The ObamaCare Economy: More Jobs, Fewer Hours, Less Pay
With the implementation of the Affordable Care Act (Obamacare), one of its most lasting and far-reaching (and unintended) consequences is already emerging. Employers who have numerous, relatively low-pay employees are changing their practices to employ these workers only 30 hours per week. This keeps them below the threshold for full-time employment, and relieves employers of the economic burden of paying for health insurance — or paying a penalty for not doing so.
This seemingly innocuous change is already sweeping through the restaurant and hospitality industry, but this will just be the first of many service industries that will adopt this new policy. What this means to the American workforce is that many more people will find jobs, but they will all earn less than before, by twenty-five percent (compared with pay for working a 40-hour week).
The 40 hour workweek was created during the Industrial Revolution in Britain two centuries ago. Industrial production and large factories had already changed working life and conditions. The working conditions were poor, the work hard, and both the health and morale of the workers suffered from brutally long hours (10-16 hours per day, often 6 days per week). Child labor was also common.
Starting in 1810 and building by 1817, the concept of three-day parts evolved — eight hours for work, eight hours for recreation and eight hours for rest. This was considered an ideal day, but the concept was not quickly adopted. Employers were slow to move from 12 to 10 hour days, and it was not until almost 50 years later (1860s) that the eight-hour day and 40 hour week started to grow more widespread.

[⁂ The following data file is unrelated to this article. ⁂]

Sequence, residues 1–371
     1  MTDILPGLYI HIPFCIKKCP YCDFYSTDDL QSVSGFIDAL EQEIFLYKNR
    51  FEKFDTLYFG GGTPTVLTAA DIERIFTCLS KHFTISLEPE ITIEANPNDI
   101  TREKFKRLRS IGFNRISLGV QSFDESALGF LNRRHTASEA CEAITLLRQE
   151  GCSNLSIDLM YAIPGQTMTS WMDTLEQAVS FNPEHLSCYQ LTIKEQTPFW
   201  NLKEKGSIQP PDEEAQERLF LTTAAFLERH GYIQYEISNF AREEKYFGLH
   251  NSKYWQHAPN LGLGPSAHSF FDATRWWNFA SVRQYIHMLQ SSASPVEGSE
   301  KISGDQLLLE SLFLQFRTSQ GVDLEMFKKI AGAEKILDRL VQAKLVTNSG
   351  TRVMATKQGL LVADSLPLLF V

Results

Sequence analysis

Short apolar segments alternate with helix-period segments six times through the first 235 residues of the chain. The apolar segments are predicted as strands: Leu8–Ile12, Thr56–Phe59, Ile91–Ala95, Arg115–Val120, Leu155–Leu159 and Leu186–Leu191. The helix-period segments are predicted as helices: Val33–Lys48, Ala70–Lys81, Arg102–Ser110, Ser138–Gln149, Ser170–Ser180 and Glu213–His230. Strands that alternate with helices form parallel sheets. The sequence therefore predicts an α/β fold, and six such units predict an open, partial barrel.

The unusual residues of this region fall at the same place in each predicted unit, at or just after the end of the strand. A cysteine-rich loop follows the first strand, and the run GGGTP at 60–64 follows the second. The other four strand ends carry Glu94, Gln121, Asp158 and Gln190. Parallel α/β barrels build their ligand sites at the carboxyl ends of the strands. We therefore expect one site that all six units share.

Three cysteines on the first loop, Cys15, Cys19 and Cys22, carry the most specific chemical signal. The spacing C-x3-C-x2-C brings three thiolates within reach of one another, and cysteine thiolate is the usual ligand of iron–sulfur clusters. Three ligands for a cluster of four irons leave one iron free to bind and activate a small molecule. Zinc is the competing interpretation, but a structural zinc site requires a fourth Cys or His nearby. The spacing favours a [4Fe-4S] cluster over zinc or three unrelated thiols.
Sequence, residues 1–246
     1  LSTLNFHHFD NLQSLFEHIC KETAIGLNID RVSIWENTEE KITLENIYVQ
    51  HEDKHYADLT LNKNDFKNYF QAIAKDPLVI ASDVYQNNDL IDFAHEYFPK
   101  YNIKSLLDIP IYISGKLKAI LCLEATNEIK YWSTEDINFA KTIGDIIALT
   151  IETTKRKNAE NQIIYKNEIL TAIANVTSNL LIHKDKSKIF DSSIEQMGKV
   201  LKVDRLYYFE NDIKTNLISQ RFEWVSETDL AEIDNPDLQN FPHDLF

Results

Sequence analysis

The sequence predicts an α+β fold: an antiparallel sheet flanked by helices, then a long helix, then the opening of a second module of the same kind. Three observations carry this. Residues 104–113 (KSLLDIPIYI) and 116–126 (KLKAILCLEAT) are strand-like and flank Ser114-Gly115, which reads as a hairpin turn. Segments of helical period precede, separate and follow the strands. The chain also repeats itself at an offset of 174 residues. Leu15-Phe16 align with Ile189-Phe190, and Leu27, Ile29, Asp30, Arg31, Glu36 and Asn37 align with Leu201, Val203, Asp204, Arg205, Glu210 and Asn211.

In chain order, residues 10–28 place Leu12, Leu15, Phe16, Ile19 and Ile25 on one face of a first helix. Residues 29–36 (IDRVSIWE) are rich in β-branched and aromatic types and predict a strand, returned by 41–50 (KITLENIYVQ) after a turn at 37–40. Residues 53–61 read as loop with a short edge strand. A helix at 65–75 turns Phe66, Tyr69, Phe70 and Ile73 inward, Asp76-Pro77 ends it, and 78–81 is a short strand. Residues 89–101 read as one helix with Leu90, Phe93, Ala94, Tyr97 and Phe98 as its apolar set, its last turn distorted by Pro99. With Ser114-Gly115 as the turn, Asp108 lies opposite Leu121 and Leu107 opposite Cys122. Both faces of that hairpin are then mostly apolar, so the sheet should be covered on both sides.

This practice migrated across the ocean to America with many other British and European practices, but didn’t become fully entrenched until the American industrial movement followed the British one — from brutally hard, long days and weeks to shorter, more humane ones. Forty-hour weeks became the standard, especially when unions became much more involved. This 40-hour benchmark also became the determinant for when workers would be paid “overtime” pay.
Now, as just the first of many unintended consequences of Obamacare, the 40 hour week will begin to fall prey to the new, 30 hour (non-full-time) workweek. Employees will earn 25 percent less in their weekly paycheck, further worsening the plight of the middle class. While 25 percent more workers will be needed and additional jobs may result, everyone will be proportionally worse off. A second job will be needed to simply “make ends meet” for workers who were accustomed to living from 40 hours pay.
Ultimately, it will be no surprise if the government’s heavy hand doesn’t intervene further and pass a law (or more likely, a proclamation of some agency in the Obama Administration) that makes the use of a shorter workweek, “for the express purpose of avoiding Obamacare regulations,” illegal. Once government begins to dictate more and more of the terms of everyday Americans lives, there is nowhere to draw the line.
Remember this prediction: the 30 hour workweek will become a new normal, and will cause the number of jobs to increase (to the glee of the Obama bureaucrats). However, their joy will be short-lived when it proves to worsen the plight of the already struggling middle class. They will not only earn one-quarter less, but also they will not be covered by employer health care plans, further adding to the cost of government provided health care. The middle class will be hard hit, since the areas likely to adopt this new, shorter workweek, are some of the largest employers — today’s service economy.
When bureaucrats who don’t understand how business works in a free enterprise society start meddling, unintended consequences like this emerge, grow and worsen. Welcome to the Obama economy, where everyone is becoming poorer, and they all need more “handouts” — everyone that is, except the growing cadre of government workers, whose unions diligently protect their incomes while they are dictating how middle-class Americans live their lives.
- Why we need to demand a shorter work week (workers.org)
- 4-Day Workweek / Employees Love It, But Businesses ? (jobmarketmonitor.com)
- Obamacare will create at least 50 million jobs. (lunaticoutpost.com)
- The 60-Hour Workweek Is a Myth (inc.com)
- ObamaCare Starting to Hit the Poor (americanclarion.com)